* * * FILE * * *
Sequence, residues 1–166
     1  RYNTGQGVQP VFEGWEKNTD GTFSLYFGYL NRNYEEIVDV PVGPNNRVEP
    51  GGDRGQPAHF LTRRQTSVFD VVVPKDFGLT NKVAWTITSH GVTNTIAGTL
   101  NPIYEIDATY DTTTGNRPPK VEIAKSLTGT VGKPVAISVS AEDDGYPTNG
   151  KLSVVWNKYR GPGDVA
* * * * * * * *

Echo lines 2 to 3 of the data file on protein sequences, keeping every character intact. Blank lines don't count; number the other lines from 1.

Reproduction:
     1  RYNTGQGVQP VFEGWEKNTD GTFSLYFGYL NRNYEEIVDV PVGPNNRVEP
    51  GGDRGQPAHF LTRRQTSVFD VVVPKDFGLT NKVAWTITSH GVTNTIAGTL